Monday 20 November 2017

Isis defector speaks on why he left militant group after six months fighting in Syria

Lizzie Dearden

A former jihadist who ran away from Isis has spoken about life under the group’s brutal rule in Syria.

The man, who goes under the name of Abu Ibrahim, spoke to US television network CBS while trying to get home to the West.

He spent six months fighting with Isis, witnessing their trademark brutality including crucifixions and the stoning to death of a couple accused of adultery.

“A lot of people when they come, they have a lot of enthusiasm about what they've seen online or what they've seen on YouTube,” Mr Ibrahim said.

“They see it as something that’s a lot grander than what the reality is.”

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He admitted Isis’ brutal so-called justice system was “harsh” but views it as a faithful interpretation of Sharia law.

“While seeing someone die is not something anyone would probably want to see, having the actual Sharia established is what many Muslims look forward to,” Mr Ibrahim added.

But for him, along with many other Isis followers, the beheadings of foreign aid workers and journalists including David Haines, Alan Henning and most recently two Japanese hostages, was a step too far.

Mr Ibrahim views non-combatants as “innocent” in the conflict but Isis has attempted to justify their murders in gory propaganda videos as revenge for Western intervention in the region and continuing air strikes against their militants.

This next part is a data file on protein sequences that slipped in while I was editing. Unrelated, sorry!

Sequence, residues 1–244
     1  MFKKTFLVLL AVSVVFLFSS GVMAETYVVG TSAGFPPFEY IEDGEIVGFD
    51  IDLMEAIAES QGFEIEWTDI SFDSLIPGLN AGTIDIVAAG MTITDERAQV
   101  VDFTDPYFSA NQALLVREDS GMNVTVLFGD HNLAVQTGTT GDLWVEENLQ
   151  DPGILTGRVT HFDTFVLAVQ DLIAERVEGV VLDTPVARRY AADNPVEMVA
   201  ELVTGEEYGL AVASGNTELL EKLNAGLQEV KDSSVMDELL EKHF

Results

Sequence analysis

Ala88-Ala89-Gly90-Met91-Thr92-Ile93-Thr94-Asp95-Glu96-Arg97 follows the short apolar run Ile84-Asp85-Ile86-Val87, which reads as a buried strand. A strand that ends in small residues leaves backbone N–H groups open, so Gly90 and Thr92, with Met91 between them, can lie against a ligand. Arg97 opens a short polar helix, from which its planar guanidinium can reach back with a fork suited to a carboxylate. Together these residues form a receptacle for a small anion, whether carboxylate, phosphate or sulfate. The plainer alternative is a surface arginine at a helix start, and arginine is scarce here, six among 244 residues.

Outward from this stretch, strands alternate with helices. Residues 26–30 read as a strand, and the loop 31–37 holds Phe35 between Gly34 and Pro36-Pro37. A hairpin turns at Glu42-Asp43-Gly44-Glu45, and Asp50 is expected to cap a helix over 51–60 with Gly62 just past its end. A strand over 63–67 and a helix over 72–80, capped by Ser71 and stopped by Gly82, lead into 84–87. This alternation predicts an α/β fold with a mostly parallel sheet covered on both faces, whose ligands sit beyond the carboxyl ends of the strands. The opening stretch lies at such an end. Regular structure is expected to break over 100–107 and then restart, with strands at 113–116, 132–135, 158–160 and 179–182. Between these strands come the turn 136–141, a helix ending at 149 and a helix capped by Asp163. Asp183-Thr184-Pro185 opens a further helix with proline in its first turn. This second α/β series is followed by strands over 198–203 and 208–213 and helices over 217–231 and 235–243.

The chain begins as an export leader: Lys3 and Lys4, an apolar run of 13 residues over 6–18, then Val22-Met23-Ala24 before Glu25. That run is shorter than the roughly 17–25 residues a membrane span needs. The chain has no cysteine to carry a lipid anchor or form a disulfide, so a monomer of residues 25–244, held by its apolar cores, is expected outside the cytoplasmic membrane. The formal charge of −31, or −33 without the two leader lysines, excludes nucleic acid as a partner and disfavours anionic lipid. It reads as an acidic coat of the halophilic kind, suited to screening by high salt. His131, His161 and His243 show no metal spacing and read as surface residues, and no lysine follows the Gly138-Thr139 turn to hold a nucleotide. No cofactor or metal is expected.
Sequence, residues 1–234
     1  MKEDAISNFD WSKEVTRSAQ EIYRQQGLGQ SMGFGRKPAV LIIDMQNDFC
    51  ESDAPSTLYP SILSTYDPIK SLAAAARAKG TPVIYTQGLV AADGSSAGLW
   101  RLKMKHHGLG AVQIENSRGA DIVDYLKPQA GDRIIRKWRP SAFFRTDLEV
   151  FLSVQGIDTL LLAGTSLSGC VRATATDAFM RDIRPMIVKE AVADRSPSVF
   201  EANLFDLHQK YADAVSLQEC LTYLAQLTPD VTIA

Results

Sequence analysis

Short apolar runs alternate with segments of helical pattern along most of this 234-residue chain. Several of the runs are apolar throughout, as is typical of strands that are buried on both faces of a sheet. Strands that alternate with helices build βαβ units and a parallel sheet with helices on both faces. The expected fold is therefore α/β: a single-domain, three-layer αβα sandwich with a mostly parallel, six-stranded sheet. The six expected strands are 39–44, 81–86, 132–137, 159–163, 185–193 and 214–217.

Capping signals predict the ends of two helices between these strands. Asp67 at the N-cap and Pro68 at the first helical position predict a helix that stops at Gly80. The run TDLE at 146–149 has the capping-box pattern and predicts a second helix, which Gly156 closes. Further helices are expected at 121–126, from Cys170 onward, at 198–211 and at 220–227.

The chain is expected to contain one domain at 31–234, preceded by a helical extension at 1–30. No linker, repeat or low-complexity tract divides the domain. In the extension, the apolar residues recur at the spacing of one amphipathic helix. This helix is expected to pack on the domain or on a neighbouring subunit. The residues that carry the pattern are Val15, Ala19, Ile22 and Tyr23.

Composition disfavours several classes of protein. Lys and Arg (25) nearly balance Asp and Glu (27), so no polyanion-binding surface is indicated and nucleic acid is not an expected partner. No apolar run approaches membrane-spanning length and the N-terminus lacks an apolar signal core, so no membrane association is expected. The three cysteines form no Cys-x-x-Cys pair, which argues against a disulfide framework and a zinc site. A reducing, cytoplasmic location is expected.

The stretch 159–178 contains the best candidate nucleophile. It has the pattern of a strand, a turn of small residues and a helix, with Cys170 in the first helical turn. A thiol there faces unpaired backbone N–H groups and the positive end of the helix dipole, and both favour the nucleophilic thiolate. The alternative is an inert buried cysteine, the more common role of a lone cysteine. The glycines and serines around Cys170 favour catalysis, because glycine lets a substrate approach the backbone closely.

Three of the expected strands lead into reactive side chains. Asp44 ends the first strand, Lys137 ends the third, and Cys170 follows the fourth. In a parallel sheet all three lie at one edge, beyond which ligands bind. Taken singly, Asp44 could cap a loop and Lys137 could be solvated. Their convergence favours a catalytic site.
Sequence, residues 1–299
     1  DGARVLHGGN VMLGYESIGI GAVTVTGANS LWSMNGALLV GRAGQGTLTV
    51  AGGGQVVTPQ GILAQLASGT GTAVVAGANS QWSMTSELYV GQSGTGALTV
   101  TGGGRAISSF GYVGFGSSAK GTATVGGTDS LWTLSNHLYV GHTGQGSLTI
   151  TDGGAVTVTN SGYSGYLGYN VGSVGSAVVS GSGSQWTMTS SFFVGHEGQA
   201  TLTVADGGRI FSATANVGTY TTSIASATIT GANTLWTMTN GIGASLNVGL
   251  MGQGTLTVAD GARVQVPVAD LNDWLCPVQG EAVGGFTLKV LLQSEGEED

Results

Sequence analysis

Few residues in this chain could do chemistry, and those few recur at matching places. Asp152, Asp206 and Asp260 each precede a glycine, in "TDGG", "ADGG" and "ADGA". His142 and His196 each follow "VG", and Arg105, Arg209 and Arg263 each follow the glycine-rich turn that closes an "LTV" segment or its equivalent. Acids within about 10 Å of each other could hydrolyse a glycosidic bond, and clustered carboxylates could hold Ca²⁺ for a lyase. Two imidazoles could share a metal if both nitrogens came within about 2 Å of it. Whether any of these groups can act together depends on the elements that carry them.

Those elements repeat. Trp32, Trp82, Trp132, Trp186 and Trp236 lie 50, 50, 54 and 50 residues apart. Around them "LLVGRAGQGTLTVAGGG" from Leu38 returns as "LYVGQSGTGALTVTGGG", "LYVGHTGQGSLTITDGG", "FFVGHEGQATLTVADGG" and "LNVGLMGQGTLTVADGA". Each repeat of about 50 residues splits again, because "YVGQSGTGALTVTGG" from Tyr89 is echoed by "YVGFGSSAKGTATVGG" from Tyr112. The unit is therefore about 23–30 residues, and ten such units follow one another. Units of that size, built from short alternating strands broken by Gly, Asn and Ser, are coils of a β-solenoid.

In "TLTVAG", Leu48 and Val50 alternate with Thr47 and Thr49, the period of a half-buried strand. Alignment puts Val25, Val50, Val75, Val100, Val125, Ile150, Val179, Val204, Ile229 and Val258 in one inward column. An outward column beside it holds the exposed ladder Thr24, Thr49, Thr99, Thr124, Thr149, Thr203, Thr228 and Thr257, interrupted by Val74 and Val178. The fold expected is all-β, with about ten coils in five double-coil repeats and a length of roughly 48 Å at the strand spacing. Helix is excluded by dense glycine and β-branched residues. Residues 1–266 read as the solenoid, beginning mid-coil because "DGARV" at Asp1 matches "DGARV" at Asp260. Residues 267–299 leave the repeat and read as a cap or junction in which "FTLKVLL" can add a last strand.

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Life for western jihadists under Isis rule is almost completely subsided, with food, housing and “the bare necessities” provided, the former fighter told CBS.

His allowance of approximately £33 a month rose to £66 in winter for the purchase of warm clothes and household items.

Isis aims to keep its militants, enforcing movement restrictions that Mr Ibrahim said made the experience feel like a “prison”.

He fears he will be captured and imprisoned if found on the run. The group is paranoid about spying and infiltration and executes suspected traitors.

Mr Ibrahim said he became increasingly disillusioned with the group’s tactics, missed his family and felt bored.

“My main reason for leaving was that I felt that I wasn't doing what I had initially come for and that's to help in a humanitarian sense the people of Syria,” he told CBS.

“It had become something else.”He added: “I'll miss the friends I made and the brotherhood, but ISIS itself - no.”

The Muslim convert is one of thousands of men and women who have travelled from the West to wage jihad with Isis in Iraq and Syria.

As well as US-led air strikes against Isis, the group is battling Al Qaeda-affiliated Jabhat al-Nusra, Kurdish forces and the Peshmerga, the Free Syrian Army, Syrian and Iraqi armies, Sunni tribes, Shia militias, and a number of other rebel groups in the region.

Independent News Service

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